The election may be over, with Donald Trump's presidency more than 100 days old, but Hillary Clinton isn't ready to let go.
In a brief but frank interview with foreign affairs reporter Christiane Amanpour at the Women for Women International event in New York City on Tuesday, Mrs Clinton said that she has conducted an "excruciating analysis" of her failed presidential campaign as part of a book she is writing.
What has she learned? While admitting that she made mistakes and that her campaign had "challenges", "problems" and "shortfalls", she pointed the finger at two men - FBI Director James Comey and Russian President Vladimir Putin - as the proximate cause of her defeat.
"I was on the way to winning until the combination of Jim Comey's letter on October 28 and Russian Wikileaks raised doubts in the minds of people who were inclined to vote for me but got scared off," she said. "The evidence for that intervening event is, I think, compelling."
Mrs Clinton also noted that as the first woman to run for president as a major party candidate, misogyny may have also been a factor in her loss.
"It is real," Mrs Clinton said of discrimination against women. "It is very much a part of the landscape politically, socially and economically."
She said her election would have been "a really big deal" for women's rights, sending a message around the world.
At one point, Amanpour joked that the president would likely take to social media to respond to the former candidate's remarks .
"If he wants to tweet about me then I am happy to be the diversion because we have lot of things to worry about," Mrs Clinton said.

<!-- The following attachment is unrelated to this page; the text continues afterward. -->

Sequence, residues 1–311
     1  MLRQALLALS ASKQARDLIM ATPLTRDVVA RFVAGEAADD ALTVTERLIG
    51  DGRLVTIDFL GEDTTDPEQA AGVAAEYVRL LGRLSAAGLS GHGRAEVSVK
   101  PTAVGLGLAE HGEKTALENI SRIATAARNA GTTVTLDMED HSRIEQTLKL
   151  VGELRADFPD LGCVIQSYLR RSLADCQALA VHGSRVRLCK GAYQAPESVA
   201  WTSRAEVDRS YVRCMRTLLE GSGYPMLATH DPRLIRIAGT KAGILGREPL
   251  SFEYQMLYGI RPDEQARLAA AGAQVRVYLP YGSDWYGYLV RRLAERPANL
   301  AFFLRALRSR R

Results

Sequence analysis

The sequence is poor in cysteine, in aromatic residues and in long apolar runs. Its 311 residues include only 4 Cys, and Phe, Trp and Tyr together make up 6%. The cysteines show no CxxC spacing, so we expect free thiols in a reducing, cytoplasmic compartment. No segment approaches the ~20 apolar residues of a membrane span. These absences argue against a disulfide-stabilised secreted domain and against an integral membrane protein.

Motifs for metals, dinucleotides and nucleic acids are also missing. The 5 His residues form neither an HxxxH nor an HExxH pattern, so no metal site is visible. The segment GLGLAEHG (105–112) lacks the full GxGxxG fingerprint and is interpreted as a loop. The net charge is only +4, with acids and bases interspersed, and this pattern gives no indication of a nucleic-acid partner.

By that evening, Mr Trump indeed offered his Twitter response, again saying the Russia allegations were a Democratic attempt to avoid blame for their defeat.
Other opponents of the former secretary of state will be quick to point out that explaining away her campaign missteps as mere challenges, problems and shortfalls gives short shrift to strategic lapses that left her vulnerable to Mr Trump's economic populism, allowing him to prevail in the decisive Rust Belt states of Pennsylvania, Wisconsin and Michigan.
Mrs Clinton's apparent response, however, is that she had to defend Mr Obama's presidential accomplishments and sell her pragmatic approach as the way to improve American lives.
"That was not as exciting as saying throw it all out and start over again, but it's how you make change in America - and lasting change that would improve people's lives," she said.
When it came to foreign policy, Mrs Clinton shared some thoughts on the "wicked problems" currently confronting Mr Trump.
She said the effort to end North Korea's nuclear weapons and ballistic missile programmes requires a regional effort, with US positions presented in critical negotiations and "not just thrown off in a tweet some morning".
She also said she supported the recent US missile strike to punish the Syrian government for its use of chemical weapons, although she says she is not convinced it has made much of a difference.
"If all it was was a one-off effort," she said, "it's not going to have much of a lasting effect."
Instead, Mrs Clinton is left trying to find her footing as an ex-candidate with no electoral prizes on the horizon for the first time since she emerged from her husband's political shadow. As her numerous swipes at the current president reveal, however, she may find an identity in opposition.
"I'm now back to being an activist citizen and part of the resistance," she said toward the end of her interview, referencing the label many of Mr Trump's liberal opponents have adopted.
Playing backseat driver to the Trump presidency isn't where Mrs Clinton wanted to be, of course. It's not where, 10 days before last November's election, she thought she'd be. And dealing with it, she said, has been a "painful process".
If Mrs Clinton's psychological wounds never truly heal, she will hardly be the first to endure such lasting damage, as an anecdote recounted by political reporter Roger Simon reveals.
Shortly after his presidential defeat in 1984, Democratic nominee Walter Mondale called George McGovern, who was beaten by Republican Richard Nixon in 1972.
When does the pain stop, he asked. When did you wake up in the morning and not feel like throwing up?
"I'll tell you when I get there," McGovern replied.